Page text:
It is 5.16 in the morning. I am balancing a bowl of congealed porridge in my left hand, juggling a pile of scripts in my right. I have to be dexterous, taking care not to drop the 40 pages because that will waste precious time. And time is not on my side.

The sheaf of paper is a printout of my briefing notes, packed with information which I need to speed-read for a dozen different interviews by 6 a.m. I am aware in the back of my mind that around six million people will be watching me presenting BBC Breakfast. As always, I need to get this right. The pressure is on.

The selection of guests and stories is pretty average for the show, something I am familiar with after nearly 20 years of waking up and going to work at 3.40 a.m. An interview with a government minister, an item on wind farms, 10 minutes with an ’80s popstar making a comeback – and at the end, a classic, a programme perennial, an uplifting interview about a fearless endeavour.

Those stories are always my favourite part of the show.

This morning, it’s about a brave man attempting to climb a mountain in his bare feet.

And that’s when it hit me!

I surprise myself, saying out loud: ‘Not again! What the actual hell?’ (I’ve toned the swearing down; this is a book!)

Liz, who has expertly and with infinite patience been trying to do my make-up while my eyes flick across the words, asks: ‘Are you OK?’

‘No, I’m not, I’ve had enough! I cannot interview yet another man about his adventures! What about all the women doing incredible things? The fearless females? Why don’t we talk to them? Why aren’t they on the sofa being interviewed? Why don’t we hear their stories?’

That was the moment for me, the moment I decided to write this book. I was fed up of being complicit with the narrative that it is only men who deserve to be celebrated, only men who are brave, only men who stretch the limits of what is humanly possible. I was done with telling only one side.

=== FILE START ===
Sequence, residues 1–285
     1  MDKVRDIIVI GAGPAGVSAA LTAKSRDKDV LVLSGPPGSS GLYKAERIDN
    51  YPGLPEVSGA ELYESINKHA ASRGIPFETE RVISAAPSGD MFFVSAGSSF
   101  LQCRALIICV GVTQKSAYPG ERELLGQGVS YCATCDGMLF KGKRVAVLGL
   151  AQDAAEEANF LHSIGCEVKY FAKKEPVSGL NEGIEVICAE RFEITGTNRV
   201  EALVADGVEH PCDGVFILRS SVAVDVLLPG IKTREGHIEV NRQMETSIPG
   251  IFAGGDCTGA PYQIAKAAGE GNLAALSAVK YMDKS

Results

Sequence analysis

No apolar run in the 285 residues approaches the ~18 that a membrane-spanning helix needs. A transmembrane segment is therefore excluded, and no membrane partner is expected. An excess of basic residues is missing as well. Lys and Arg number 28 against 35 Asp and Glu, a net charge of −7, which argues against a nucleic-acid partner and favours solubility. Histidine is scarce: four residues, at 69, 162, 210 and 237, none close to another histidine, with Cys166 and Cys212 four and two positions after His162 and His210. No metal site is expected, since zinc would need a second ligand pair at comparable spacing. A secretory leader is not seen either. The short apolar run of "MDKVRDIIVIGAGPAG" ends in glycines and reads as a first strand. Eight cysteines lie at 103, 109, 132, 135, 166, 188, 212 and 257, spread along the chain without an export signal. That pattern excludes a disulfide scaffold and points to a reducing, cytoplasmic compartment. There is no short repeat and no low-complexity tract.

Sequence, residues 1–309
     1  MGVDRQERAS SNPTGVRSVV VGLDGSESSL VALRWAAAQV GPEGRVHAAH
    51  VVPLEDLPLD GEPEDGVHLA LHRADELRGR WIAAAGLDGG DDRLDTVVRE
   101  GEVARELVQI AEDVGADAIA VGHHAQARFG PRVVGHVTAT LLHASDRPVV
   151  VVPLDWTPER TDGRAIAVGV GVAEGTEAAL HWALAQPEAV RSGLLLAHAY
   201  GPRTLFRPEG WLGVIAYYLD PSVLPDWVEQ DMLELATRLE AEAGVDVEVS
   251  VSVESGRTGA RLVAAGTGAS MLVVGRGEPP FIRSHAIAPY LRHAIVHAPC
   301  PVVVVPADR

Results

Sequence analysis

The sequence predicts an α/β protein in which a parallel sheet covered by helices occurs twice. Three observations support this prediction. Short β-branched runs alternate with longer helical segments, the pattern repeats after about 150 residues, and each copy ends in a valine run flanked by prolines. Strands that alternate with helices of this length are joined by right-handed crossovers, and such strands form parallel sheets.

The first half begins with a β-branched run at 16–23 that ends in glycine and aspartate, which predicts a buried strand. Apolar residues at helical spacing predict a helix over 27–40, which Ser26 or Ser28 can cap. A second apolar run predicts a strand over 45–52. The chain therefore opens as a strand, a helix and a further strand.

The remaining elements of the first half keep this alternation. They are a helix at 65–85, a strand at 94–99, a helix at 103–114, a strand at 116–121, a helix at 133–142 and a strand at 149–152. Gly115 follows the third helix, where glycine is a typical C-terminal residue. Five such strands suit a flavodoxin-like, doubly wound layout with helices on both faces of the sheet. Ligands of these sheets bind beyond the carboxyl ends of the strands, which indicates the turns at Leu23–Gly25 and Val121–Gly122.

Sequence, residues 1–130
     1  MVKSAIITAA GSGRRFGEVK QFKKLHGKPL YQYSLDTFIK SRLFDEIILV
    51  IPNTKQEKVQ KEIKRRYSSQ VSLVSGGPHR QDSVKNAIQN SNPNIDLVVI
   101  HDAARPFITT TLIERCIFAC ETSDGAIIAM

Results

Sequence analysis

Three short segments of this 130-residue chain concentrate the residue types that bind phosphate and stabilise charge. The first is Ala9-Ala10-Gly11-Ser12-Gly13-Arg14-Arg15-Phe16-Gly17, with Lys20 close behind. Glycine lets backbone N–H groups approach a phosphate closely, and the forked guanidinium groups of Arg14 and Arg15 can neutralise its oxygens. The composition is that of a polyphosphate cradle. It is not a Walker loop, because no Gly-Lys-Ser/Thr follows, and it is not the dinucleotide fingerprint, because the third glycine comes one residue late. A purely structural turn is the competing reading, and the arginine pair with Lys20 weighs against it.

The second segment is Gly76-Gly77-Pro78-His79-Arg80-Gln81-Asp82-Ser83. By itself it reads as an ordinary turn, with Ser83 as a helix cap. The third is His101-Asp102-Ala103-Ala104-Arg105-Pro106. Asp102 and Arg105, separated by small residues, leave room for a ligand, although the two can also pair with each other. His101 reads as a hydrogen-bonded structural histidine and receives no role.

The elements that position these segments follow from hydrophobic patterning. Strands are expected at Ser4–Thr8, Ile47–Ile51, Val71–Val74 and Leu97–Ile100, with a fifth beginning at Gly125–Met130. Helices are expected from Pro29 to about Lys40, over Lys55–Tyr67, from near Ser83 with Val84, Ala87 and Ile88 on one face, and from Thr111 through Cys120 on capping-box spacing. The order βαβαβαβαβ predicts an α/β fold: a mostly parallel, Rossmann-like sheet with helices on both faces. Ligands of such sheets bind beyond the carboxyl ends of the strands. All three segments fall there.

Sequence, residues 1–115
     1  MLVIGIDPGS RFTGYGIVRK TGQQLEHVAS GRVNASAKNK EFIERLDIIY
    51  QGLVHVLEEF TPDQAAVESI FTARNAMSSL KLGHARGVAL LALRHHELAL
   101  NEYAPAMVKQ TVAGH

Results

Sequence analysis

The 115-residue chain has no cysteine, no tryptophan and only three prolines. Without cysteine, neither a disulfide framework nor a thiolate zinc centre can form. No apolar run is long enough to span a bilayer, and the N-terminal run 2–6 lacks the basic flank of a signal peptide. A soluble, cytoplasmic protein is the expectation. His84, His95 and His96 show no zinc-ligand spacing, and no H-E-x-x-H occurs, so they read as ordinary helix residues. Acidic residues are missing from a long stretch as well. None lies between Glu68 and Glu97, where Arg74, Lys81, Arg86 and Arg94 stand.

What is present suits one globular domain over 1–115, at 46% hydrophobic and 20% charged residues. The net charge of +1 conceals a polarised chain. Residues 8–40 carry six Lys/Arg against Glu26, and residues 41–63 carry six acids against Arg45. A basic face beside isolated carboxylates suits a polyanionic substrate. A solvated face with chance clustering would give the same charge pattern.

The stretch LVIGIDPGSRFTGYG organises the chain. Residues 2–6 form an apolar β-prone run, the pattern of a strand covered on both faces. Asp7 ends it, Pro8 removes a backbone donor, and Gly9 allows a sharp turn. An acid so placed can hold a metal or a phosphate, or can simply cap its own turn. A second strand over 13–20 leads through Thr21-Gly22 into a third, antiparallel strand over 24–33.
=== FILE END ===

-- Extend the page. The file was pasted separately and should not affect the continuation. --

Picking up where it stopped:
Why? Because being talked about and being seen matters. If you don’t hear it and you don’t see it, how can you be it? We need equal representation. I had to write this as a journalist, as an endurance athlete and as a mother to two daughters because, with respect to all the men I have interviewed, women and girls need heroes too. Heroes who look like them. And by the way, I’d argue that men like to hear the stories of heroic women too!

I had already fought and won some important battles for equality during my TV career, including a bruising and long- winded fight to get paid the same as my male co-presenters sitting next to me.

The other battle was to make sure that women presenting BBC Breakfast were allowed occasionally to lead the programme. I had noticed that almost every day my male colleague was given the prestigious task of saying hello at the top of each hour, introducing the programme, doing the first interview.

Once I had noticed how often it happened, I couldn’t unsee it. Why was it happening? Why was I always the second person to speak, even though I was older and more experienced?

What message did it send to all our female viewers? That I wasn’t as important as my male counterpart? That I was second fiddle? That I didn’t deserve to be there? What implication did that have for their own lives, and their own careers? I thought it was unfair, unequal and also immensely damaging.

So, I set out to try and change things, gently at first. I asked our (mostly male) directors if maybe, every now and then, I could start the programme? Ask the first question? Take charge of the most important story of the day? Some let me, others didn’t. When they didn’t, I asked why.